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Folders: ROOT > ScienceBase Catalog > National and Regional Climate Adaptation Science Centers > Northeast CASC > FY 2012 Projects > Bringing People, Data, and Models Together – Addressing Impacts of Climate Change on Stream Temperature ( Show direct descendants )

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__National and Regional Climate Adaptation Science Centers
___Northeast CASC
____FY 2012 Projects
_____Bringing People, Data, and Models Together – Addressing Impacts of Climate Change on Stream Temperature
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This study set out to answer the question: “What data and modeling frameworks are needed to provide scientists reliable, climate-informed, water temperature estimates for freshwater ecosystems that can assist watershed management decision making?” To accomplish this, researchers gathered existing stream temperature data, identified data gaps, deployed stream temperature monitoring devices, and developed and tested a stream temperature model that could be regionalized across the Northeast Climate Science Center (NE CSC) domain. Polebitski and colleagues partnered with another NE CSC funded project team, NorEaST-Stream Temperature Web Portal Demonstration and Application, led by Jana Stewart (USGS Wisconsin Water...
Abstract (from http://scholarworks.umass.edu/cee_ewre/72/): In the Northeast U.S. increasing stream temperatures due to climate change pose a serious threat to cool and cold water fish communities, as well as aquatic ecosystems as a whole. In this study, three stream temperature models were implemented for two different case-study basins in the Northeast Climate Science Center region. Two coupled hydrology-stream temperature (physical) models were used: VIC-RBM and SWAT-Ficklin et al. (2012). The third model implemented was a nonlinear regression (statistical) model developed by Mohseni et al. (1998). Metrics were developed to assess these models regarding their prediction skill, data input requirements, spatial...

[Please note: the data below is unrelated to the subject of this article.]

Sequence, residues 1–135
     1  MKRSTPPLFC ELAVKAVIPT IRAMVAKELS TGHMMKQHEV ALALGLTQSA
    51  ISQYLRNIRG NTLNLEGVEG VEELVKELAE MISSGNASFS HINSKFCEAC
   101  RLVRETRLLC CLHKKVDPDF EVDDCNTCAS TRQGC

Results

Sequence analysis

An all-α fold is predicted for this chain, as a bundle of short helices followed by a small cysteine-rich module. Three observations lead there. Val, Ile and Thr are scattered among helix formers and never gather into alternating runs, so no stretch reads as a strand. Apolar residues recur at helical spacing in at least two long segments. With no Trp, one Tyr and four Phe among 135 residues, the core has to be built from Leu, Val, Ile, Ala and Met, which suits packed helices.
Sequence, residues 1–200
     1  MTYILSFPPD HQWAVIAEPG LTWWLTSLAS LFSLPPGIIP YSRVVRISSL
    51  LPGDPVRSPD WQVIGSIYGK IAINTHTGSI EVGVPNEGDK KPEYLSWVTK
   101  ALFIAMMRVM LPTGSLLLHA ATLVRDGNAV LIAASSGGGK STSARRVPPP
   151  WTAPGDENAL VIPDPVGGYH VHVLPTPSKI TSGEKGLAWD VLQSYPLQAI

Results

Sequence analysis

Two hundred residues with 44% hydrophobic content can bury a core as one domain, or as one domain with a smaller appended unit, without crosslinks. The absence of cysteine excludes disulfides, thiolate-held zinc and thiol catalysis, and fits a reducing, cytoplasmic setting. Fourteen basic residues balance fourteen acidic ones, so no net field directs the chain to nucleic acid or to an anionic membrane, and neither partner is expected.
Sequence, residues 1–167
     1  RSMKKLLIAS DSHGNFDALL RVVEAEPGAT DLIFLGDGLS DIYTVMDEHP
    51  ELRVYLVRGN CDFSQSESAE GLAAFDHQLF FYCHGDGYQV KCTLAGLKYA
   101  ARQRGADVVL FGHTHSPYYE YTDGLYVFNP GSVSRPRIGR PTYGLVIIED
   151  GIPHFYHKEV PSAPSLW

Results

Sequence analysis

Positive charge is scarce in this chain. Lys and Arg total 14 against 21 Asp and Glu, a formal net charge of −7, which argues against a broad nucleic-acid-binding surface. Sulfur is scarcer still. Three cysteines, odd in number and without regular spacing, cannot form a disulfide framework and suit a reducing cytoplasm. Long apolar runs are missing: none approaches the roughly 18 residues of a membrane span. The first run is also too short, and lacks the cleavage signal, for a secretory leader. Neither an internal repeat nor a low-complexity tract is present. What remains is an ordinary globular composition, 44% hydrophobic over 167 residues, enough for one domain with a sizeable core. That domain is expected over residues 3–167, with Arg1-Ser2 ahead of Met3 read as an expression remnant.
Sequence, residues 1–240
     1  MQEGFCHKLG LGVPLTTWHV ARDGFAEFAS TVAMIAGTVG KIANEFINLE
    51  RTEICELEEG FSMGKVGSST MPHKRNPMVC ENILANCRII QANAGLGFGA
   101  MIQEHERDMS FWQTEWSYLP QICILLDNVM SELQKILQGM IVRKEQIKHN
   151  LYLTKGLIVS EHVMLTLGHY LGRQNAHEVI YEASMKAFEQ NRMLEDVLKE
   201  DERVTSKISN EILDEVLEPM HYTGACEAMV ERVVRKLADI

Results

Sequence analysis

Water temperature is one of the important characteristics of a stream that can be impacted by anthropogenic change. Such change can have significant ecological implications for the health of riparian systems. It is important for decision-makers to understand the impact of various physical characteristics on the stream temperature regime in a watershed. This research applies a statistical stream temperature model (Mohseni et al, 1998) to 905 sites across the northeastern United States to determine if such models can be useful to resource managers. Statistical analysis on the calibrated model parameters across the best-fit sites is used to provide information on watershed characteristics which may be critical to stream...